Bey also faces several other criminal cases throughout the Bay Area.
Broussard said in his statement that he joined the bakery in July 2006 after he was released from the San Francisco County Jail, where he had served a one-year term for robbing and assaulting a man on a San Francisco Municipal Railway bus in 2005.
According to a transcript of his statement, Broussard told Lamiero, "I ran into like a (Bey) family member" who asked, "What you gonna do when you get out of jail?"
Broussard, who was raised in San Francisco's Western Addition and in Richmond, said he told the family member he would "go back to the hood" but the family member said, "I can give you a job."
Broussard, who is black, as is Yusuf Bey IV, said the family member told him that the bakery is "hirin' all the time" and "they hirin' black people, too."
The family member told Broussard, "There's gonna be a chance for you to get your life on track," according to the transcript.
Broussard said after he worked for the bakery for two weeks, washing dishes, running errands and performing a variety of other jobs, he asked "do I get paid today" but Bey laughed at him and "he looked at me like I was wrong for asking about a paycheck."
Broussard said that when he complained that "I'm working for free, f--- that," Bey told him to calm down, took him aside and said he'd pay him under the table.
But Broussard said he was still unhappy because Bey only paid him $300 for two weeks of work.
He said Bey told him, "We always say this is not just a job it's more than a job."
Broussard said Bey told him that the bakery was going through hard times but "you gotta stay strong for us, you gotta stay strong for the bakery."
According to Broussard, Bey said, "We need soldiers like you that's willin' to sacrifice for the bakery."
In the summer of 2007, according to Broussard, Bey admitted that the bakery was in bankruptcy proceedings but he still needed people to sacrifice for him.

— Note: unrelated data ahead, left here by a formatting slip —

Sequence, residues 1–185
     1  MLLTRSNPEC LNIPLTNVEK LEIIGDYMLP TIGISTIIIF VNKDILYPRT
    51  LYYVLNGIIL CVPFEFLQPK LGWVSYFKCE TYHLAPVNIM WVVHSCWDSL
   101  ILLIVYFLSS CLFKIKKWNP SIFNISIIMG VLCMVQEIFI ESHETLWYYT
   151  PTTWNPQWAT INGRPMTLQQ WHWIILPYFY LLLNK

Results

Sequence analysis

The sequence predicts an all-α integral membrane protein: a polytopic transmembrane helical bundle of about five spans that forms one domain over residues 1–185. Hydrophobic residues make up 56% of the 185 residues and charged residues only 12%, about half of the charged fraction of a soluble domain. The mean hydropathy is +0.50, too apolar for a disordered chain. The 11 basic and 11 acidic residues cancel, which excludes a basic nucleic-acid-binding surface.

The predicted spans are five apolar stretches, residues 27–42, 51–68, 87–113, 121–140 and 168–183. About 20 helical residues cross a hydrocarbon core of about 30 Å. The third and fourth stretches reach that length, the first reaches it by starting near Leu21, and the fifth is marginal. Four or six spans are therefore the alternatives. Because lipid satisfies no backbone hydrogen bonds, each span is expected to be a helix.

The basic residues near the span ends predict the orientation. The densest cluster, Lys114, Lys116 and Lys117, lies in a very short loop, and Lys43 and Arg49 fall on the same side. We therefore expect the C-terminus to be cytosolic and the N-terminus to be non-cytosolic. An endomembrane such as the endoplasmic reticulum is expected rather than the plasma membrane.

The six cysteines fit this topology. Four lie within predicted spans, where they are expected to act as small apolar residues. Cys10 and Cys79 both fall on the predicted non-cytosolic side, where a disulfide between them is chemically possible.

Broussard said he complained to Bey that "we got holes in our shoes" but Bey had fancy Jordan shoes, as well as luxury houses and cars.
However, Bey said "we need some brothers to sacrifice a little while longer" while the bakery's loans were paid off because "we got this white man trying to take away this bakery," according to the statement.
According to Broussard, Bey said, "This bakery houses people, this bakery feeds people, this bakery put money in people pockets."
Broussard said he came to view the bakery as "a little cult" but he also believed that "we was doing right" because it tried to help people before they became homeless and get people off drugs.
"Besides the people that was hurt in the process, a lot of people was helped," Broussard said.
Broussard, Bey and other bakery members were arrested when police from multiple agencies staged a massive raid at the bakery the morning after Bailey was killed.
Broussard said he had hoped that he would only face a charge for illegal possession of a gun and he was stunned when Sgt. Derwin Longmire of the Oakland Police Department informed him that Bey had told police that he was the one who had shot and killed Bailey.
Broussard said, "I started cryin."'
He said, "It was overwhelming, like I'm about to lose my life. I'm 19 years old. I haven't accomplished what I needed to do yet."
However, Broussard said he ultimately decided to admit to police that he shot Bailey because he believed Bey's assurances that he would get him a good lawyer who would get him out of prison after only a few years and he would be "taken care of" after he got out.
Broussard said he was showing Bey that "I'm a true believer in Islam."